Katmandu street traders

Before leaving, however, we managed to see a good bit of the country. As I said Katmandu is a fascinating place that has changed little in the intervening decade since last I was there. I don't wish to over-idealise it though as there is terrible squaller and poverty in its streets also that is heart-breaking. We managed to get a good guide, Diwakar Gautam (diwakargautam2@hotmail.com)to show us around and coupled with the couple of days up at Nagarkot it was a relaxing stay. Another excellent guide I should mention is Bhagwat Simkhada and he can be contacted at bhagwatsimkhada@hotmail.com. Carrying on my craze for light aircraft flights I also flew up to Everest itself. This whole region with the clouds looking like a field of snow beneath the towering peaks is an awe-inspiring sight that is hard to forget and worth the trip I would suggest. We eventually left Katmandu on the morning of Saturday the 7th.of June or rather had intended to as the best laid plans of mice and men. When we went out to our bikes that morning John's wouldn't start. Initially we thought it was lack of fuel since there was very little in the tank after the air flight as the law does not allow fuel. Having satisfied ourselves that it wasn't we looked at the H.T.leads which were damp. Upon drying these, however,we now found the battery was dead from all the turning over we had done. The eventual outcome of all this was that by the time we got a jump lead it was 10.30 by the time we got away. We already had gotten an idea of what travel was like coming in from the airport to the hotel with the bikes and now we were subjected to it for real. In a word it is dangerous and you have to be constantly alert for the very real possibility of meeting 2 oncoming buses around every bend. That the road leading South West from Katmandu to India is over a mountain pass and therefore narrow and sinuous only compounded this problem. Nonetheless we negotiated the chaotic traffic of the city and had crested the mountain when John signalled to me on the intercom that his bike had gone dead. He coasted down the hill to the nearest available lay by where we realised that this time the problem was an electrical one we couldn't solve.


Katmandu temples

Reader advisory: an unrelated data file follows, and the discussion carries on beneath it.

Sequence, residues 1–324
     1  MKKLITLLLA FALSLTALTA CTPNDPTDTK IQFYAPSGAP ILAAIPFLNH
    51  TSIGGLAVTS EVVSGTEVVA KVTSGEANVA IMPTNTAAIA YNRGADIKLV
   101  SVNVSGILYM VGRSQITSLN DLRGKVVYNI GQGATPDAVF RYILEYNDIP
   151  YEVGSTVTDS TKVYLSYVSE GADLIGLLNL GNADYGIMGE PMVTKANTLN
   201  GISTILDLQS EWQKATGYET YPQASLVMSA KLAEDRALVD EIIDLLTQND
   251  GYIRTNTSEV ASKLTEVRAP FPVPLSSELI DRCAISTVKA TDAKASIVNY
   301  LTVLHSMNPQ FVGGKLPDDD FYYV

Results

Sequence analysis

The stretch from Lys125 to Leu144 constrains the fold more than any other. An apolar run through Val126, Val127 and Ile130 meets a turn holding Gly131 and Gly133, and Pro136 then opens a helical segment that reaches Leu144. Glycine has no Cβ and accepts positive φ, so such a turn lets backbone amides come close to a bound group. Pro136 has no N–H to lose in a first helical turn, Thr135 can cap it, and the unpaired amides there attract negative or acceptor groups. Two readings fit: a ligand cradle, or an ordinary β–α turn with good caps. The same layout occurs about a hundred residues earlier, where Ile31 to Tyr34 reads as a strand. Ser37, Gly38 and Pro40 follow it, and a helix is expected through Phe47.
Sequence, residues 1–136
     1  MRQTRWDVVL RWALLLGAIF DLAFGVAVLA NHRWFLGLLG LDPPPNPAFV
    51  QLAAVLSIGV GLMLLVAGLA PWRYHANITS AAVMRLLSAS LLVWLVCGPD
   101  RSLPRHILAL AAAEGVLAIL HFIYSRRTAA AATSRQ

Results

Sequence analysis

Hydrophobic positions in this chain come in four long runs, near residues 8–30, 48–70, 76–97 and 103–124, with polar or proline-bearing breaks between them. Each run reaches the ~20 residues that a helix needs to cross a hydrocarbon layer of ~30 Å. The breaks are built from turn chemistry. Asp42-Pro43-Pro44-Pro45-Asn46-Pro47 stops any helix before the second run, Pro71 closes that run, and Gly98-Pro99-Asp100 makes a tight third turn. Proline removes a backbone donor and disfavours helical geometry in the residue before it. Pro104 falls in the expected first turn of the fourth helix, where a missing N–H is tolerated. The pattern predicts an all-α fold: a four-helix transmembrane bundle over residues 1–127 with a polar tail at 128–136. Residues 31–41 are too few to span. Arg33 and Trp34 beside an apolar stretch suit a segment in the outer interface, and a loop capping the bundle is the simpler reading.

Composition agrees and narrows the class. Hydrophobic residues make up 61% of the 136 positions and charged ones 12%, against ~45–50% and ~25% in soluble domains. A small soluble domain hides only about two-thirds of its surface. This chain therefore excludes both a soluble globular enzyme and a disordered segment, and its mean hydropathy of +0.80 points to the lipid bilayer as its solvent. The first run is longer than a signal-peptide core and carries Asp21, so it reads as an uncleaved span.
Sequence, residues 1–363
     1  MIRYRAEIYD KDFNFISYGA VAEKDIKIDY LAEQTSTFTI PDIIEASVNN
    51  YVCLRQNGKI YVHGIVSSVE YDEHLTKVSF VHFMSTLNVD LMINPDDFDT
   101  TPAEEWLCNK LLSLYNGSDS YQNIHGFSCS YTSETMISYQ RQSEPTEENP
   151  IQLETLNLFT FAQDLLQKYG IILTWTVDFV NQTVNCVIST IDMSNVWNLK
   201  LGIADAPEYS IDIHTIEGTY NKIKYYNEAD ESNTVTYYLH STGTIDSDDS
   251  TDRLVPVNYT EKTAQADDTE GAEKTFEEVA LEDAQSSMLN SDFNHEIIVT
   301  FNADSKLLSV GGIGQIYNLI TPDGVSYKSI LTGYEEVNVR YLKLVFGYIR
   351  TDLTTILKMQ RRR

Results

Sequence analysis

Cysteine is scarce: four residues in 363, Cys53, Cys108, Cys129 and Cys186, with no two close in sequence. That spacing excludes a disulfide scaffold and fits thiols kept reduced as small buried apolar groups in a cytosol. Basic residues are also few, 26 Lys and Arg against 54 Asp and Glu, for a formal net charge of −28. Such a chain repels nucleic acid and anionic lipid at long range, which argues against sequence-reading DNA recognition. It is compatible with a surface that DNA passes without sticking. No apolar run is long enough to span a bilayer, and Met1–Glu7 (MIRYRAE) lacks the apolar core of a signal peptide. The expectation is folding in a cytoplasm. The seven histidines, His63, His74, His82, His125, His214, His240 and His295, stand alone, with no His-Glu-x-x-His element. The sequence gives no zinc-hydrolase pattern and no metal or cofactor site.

This was the first time on the entire trip that we had been left stranded on the road by a mechanical problem so it was perhaps par for course. Having asked the locals, who gathered around us, as to where the nearest mechanic was I rode down the road some 5 kilometers to get him and he found two wires were rubbing in the electrical system which was shorting out. We eventually got on the road again after another couple of hours in all and coupled with the slow pace of the road, due mostly to the precarious nature of the traffic, we only managed to reach 100 kilometers beyond Katmandu that evening when tired and weary we happened on the Dalima Hotel just before the town of Mugling. The hotel, which is half way between Pokera and Katmandu was a welcome sight to us and upon riding through Mugling the next day we realised it was also the best possible place to stop as the town itself is anything but promising and looks like the same old wild west outpost I remember it as last being. Giri Sant B who owns the Dalima couldn't have made more of us as guests and even put on a display of local folk dance especially for us which on the lawn of the hotel by the light of an open fire was pure magic. If your on that route and happen to need to stop in that area then check it out on www.dalima.com tel.977-1-219172) The following day was a far easier ride as refreshed and with no mechanical problems to contend with we headed for Lumbini, the destination we had hoped to reach on the day when leaving Katmandu. Initially the road was typically slow as it wound its way along a river gorge which I had recognised as having once done white water rafting on but once we got down on the plains the road became less crowded and open and we made good progress in ever increasing temperatures through a landscape that was virtually indistinguishable from India whose border we were now hugging. On reaching Lumbini and looking at the accommodation on offer we decided that throughout this leg of the trip now we would stay in 5 star hotels for, while dear, they were at least our best possibility of keeping any illness from poor food or sanitation at bay. In the swealtering heat of the plains then the air conditioned comfort of the Lumbibi Garden Hotel seemed worth it and it was only in the evening that we explored the place itself which is the birth place of Sidhartha, the Buddah. Along with the ancient site marking the nativity spot there is also a huge complex of Buddhist temples from all over the world that create an international site covering some 3 square miles.